DIY Kit Cars


Have you ever dreamed of owning a Shelby 427 Cobra, Daytona Coupe or classic Ferrari, but didn't have the bank to buy one? Though once anathema to many enthusiaists, kit cars have seen a massive surge in quality and prestige in recent years, as even those who can afford the classics they replicate are afraid to drive the expensive real thing on public roads. Kit cars are better than they ever were, and some can even be financed just like a new car.

Pick a Car

  • Perhaps the most difficult thing about building a modern kit car is selecting the right one. Factory Five and Superformance are the two biggest names in today's DIY car market, and both offer excellent replicas of classic Ford supercars. However, there are literally hundreds of manufacturers in the game today, offering everything from Ferrari 360 Modenas built on Toyota MR2 platforms to three-quarter-scale big-rigs built on full-sized Ford truck frames. Pick one.

Donor Car

  • As almost all kits rely on some sort of donor car to contribute all of the major drive-line and suspension components, picking the right one is of paramount importance. Salvage-titled cars are a great way to get all of the parts you need at a discount price. There is a certain contingent of kit car builders that will actually purchase a salvage-titled (wrecked) Ferrari or Lamborghini, and transplant the engine and drive-train into a kit-car replica of the same vehicle. Such transplants blur the lines between a "real" supercar and a "fake" one.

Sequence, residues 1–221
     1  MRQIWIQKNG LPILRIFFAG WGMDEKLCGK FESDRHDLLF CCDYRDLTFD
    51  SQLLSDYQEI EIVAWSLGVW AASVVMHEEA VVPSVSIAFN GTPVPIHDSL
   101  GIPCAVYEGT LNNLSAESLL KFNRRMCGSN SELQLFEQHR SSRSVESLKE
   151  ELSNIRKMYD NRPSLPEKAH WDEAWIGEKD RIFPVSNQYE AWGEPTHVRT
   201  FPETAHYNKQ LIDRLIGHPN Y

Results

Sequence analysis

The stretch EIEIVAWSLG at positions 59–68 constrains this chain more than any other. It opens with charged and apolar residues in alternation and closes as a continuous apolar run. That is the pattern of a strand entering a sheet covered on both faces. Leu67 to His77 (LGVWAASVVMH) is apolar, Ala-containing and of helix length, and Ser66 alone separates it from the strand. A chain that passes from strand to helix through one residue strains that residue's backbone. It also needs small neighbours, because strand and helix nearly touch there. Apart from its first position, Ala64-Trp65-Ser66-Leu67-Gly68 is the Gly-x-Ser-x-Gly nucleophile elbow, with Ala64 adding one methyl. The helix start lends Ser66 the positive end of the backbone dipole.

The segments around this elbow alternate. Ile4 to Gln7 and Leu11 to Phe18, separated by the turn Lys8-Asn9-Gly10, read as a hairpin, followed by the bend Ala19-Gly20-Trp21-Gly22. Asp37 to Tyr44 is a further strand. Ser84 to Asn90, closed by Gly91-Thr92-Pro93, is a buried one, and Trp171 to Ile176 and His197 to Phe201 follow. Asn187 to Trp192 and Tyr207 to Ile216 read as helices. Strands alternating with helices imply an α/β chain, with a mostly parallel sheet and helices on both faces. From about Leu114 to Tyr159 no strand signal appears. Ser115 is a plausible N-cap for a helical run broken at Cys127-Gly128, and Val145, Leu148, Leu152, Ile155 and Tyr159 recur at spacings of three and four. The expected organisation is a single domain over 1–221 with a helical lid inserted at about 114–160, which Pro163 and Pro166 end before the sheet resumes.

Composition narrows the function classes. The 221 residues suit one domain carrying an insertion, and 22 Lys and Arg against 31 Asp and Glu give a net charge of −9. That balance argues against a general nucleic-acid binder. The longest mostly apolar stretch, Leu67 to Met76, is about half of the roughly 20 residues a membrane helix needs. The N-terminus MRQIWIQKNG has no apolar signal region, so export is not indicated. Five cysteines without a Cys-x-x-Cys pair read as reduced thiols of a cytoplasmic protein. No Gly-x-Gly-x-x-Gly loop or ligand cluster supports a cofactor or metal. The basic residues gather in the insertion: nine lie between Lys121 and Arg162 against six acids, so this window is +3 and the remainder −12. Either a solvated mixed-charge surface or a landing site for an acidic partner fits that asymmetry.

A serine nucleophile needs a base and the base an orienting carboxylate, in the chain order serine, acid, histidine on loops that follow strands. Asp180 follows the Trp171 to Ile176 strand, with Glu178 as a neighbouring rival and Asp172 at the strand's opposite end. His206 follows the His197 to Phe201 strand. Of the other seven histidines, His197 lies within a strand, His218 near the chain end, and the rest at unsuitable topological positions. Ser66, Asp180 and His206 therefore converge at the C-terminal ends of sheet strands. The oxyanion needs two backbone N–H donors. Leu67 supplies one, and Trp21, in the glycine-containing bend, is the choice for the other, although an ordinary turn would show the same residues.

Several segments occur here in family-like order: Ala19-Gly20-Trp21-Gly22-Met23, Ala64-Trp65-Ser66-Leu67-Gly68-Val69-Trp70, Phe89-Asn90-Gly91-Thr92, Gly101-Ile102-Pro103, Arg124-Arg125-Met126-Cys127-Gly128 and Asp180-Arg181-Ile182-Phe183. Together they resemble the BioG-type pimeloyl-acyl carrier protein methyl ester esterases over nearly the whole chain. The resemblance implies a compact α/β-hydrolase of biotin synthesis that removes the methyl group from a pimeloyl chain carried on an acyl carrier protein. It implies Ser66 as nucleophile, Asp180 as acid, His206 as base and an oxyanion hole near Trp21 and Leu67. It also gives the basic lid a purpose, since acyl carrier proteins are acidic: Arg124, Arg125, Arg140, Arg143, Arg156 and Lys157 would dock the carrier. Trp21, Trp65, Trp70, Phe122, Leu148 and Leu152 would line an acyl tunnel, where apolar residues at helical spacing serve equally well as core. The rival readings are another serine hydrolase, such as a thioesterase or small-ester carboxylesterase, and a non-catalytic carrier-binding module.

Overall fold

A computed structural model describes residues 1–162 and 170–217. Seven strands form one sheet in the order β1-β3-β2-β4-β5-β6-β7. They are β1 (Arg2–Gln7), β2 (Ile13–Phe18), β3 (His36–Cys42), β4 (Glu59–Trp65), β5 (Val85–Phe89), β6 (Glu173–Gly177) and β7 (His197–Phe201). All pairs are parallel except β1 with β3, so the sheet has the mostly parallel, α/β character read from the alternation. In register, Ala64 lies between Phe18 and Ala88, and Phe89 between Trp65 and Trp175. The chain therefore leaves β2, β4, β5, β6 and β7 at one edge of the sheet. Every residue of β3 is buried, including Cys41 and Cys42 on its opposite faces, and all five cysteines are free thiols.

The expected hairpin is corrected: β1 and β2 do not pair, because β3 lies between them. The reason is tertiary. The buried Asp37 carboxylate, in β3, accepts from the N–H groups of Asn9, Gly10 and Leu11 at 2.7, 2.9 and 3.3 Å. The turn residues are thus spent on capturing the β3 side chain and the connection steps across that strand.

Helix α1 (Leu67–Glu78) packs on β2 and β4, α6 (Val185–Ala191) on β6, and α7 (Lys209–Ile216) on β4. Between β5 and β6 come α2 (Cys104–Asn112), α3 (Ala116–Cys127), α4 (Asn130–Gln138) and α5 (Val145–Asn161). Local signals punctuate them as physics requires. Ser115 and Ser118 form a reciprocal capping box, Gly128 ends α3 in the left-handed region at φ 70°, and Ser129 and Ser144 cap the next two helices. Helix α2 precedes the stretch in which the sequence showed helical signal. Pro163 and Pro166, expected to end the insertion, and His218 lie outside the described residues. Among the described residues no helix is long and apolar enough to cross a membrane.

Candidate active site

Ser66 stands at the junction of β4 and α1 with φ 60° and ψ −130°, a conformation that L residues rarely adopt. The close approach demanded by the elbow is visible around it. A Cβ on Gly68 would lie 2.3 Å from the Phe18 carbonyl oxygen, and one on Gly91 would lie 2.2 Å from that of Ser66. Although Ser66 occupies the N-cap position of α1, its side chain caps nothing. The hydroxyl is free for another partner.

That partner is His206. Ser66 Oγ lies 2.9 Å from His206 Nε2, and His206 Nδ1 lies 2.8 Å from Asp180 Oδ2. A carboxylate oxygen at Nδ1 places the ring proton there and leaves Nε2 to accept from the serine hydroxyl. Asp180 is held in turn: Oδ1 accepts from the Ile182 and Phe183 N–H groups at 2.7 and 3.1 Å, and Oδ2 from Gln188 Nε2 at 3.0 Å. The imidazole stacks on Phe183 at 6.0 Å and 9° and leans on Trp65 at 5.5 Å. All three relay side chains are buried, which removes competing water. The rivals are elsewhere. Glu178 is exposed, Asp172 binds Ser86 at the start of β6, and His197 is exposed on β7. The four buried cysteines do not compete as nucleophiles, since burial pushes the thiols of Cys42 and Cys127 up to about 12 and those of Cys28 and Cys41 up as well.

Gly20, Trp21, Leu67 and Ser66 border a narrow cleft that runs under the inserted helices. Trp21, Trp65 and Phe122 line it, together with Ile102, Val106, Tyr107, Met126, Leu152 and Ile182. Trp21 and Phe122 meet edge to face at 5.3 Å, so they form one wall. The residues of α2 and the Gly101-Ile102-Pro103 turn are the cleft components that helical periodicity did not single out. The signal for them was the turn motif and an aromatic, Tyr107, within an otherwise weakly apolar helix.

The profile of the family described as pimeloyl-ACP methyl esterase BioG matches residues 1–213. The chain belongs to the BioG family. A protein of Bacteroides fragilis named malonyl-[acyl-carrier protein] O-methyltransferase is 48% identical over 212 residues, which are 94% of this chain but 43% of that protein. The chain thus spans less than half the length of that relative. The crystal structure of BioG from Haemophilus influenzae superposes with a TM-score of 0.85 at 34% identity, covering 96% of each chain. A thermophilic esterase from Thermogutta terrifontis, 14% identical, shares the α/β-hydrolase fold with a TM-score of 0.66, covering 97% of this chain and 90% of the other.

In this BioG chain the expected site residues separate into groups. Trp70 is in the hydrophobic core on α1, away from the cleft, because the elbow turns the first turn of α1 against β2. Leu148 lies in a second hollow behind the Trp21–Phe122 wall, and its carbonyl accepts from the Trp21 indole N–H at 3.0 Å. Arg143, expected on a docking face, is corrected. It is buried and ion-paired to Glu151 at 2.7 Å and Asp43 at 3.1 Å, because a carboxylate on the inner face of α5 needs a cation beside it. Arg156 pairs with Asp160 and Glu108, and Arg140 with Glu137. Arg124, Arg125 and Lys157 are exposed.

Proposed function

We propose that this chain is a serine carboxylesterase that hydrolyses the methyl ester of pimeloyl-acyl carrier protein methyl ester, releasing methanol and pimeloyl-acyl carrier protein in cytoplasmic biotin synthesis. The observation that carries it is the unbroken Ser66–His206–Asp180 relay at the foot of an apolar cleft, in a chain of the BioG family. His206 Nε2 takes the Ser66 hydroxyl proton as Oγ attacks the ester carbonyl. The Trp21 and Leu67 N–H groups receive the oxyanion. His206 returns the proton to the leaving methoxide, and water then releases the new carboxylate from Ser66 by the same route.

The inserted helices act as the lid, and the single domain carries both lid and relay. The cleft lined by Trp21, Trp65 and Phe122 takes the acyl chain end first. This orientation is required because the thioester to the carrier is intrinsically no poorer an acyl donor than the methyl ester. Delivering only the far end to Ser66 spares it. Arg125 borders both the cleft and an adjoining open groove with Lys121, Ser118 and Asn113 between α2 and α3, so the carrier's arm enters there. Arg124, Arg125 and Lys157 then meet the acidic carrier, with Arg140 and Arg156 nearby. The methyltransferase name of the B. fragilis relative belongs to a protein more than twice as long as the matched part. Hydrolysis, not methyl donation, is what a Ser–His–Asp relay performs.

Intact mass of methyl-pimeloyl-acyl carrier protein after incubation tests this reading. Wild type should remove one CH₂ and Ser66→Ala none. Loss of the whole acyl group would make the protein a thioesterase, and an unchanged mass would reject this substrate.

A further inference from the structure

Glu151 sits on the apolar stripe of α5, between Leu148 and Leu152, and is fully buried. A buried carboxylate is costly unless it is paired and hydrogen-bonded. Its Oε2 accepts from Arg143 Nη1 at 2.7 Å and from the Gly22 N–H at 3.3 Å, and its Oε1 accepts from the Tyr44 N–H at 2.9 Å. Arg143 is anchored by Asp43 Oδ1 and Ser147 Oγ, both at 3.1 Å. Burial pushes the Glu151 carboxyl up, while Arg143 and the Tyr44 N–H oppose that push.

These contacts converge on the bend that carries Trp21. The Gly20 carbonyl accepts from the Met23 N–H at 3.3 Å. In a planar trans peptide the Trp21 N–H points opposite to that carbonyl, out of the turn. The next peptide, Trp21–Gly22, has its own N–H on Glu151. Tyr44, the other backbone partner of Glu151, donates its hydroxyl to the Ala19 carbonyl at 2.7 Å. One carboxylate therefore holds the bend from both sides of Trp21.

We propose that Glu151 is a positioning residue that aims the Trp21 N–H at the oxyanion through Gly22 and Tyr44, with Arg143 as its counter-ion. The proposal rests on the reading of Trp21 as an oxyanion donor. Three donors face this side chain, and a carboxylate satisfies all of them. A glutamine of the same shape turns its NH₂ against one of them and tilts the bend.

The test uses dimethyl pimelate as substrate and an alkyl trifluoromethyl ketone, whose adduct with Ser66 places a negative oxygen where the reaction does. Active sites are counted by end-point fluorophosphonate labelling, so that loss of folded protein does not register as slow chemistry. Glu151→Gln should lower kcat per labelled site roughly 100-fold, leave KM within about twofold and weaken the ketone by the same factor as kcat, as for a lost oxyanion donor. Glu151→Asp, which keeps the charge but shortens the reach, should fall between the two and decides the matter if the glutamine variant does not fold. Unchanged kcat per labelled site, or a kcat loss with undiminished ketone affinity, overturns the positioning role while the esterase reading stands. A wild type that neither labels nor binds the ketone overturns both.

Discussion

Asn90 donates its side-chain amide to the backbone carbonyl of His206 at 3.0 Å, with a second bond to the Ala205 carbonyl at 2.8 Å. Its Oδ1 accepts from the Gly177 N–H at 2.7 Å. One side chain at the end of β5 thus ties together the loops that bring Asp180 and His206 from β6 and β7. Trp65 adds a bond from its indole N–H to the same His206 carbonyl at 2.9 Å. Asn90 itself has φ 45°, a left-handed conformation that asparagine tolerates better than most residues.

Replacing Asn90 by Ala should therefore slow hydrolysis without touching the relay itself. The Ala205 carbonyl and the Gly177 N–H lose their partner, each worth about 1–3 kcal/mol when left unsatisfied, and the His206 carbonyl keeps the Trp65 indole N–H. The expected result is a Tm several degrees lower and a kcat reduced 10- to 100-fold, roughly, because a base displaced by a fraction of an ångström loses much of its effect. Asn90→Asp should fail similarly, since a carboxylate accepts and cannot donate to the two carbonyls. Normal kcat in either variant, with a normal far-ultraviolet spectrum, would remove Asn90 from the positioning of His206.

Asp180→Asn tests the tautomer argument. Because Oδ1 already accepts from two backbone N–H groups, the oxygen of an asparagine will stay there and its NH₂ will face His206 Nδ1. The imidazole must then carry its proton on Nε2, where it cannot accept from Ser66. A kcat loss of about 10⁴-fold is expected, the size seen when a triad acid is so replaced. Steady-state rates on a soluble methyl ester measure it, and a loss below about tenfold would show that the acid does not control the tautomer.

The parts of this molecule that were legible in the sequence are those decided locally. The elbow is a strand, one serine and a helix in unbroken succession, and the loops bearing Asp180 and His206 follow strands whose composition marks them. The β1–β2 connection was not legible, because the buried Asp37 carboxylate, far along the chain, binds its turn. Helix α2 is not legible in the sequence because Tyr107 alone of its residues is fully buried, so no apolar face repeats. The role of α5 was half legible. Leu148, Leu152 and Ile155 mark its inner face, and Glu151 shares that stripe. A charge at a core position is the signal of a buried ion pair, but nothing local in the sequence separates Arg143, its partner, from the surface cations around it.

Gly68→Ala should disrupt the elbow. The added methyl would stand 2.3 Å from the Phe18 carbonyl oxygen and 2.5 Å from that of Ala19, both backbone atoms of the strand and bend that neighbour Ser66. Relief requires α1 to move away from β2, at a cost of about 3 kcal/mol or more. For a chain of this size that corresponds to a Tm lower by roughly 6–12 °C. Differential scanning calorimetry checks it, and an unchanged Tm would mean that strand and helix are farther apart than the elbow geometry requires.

Of course, another means to the same end is to purchase everything new. Factory Five will hook you up with Roush or Ford Racing to purchase a brand-new engine and transmission, and may also include all of the chassis parts to make the use of a donor Mustang completely redundant. While considerably more expensive, this approach will yield what amounts to a brand new 1967 Shelby Cobra or Daytona Coupe, fully covered by a two-year warranty.


  • Assembly times and procedures will vary greatly by manufacturer and the trim level desired. The best kit cars can be assembled in a weekend (after the painting is finished) with little more than hand tools and an engine lift. More obscure kits will require a bit more time and bodywork to make everything fit, and to smooth out the body panels for paint.

    Average build time for a Factory Five Coupe is six weeks' worth of three-day weekends, but most kits take longer. Plan on spending about $2,000 more than the cost of the donor and kit itself for paint, ancillaries, tires, titling and registration.

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